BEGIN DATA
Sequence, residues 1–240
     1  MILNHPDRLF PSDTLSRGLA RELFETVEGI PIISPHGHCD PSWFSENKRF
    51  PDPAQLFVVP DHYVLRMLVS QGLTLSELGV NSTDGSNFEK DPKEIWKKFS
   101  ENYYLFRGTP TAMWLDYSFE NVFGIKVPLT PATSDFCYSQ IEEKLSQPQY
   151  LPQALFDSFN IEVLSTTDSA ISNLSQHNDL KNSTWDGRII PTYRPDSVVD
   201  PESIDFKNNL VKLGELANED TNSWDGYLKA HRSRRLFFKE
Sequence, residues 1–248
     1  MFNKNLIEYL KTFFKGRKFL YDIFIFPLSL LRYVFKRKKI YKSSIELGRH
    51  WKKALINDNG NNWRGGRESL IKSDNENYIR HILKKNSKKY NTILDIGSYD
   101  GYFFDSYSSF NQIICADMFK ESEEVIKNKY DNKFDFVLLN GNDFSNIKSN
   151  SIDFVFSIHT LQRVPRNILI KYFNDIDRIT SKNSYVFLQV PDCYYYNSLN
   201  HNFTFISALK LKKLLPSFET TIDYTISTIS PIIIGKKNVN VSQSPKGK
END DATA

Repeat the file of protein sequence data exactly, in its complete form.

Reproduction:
Sequence, residues 1–240
     1  MILNHPDRLF PSDTLSRGLA RELFETVEGI PIISPHGHCD PSWFSENKRF
    51  PDPAQLFVVP DHYVLRMLVS QGLTLSELGV NSTDGSNFEK DPKEIWKKFS
   101  ENYYLFRGTP TAMWLDYSFE NVFGIKVPLT PATSDFCYSQ IEEKLSQPQY
   151  LPQALFDSFN IEVLSTTDSA ISNLSQHNDL KNSTWDGRII PTYRPDSVVD
   201  PESIDFKNNL VKLGELANED TNSWDGYLKA HRSRRLFFKE
Sequence, residues 1–248
     1  MFNKNLIEYL KTFFKGRKFL YDIFIFPLSL LRYVFKRKKI YKSSIELGRH
    51  WKKALINDNG NNWRGGRESL IKSDNENYIR HILKKNSKKY NTILDIGSYD
   101  GYFFDSYSSF NQIICADMFK ESEEVIKNKY DNKFDFVLLN GNDFSNIKSN
   151  SIDFVFSIHT LQRVPRNILI KYFNDIDRIT SKNSYVFLQV PDCYYYNSLN
   201  HNFTFISALK LKKLLPSFET TIDYTISTIS PIIIGKKNVN VSQSPKGK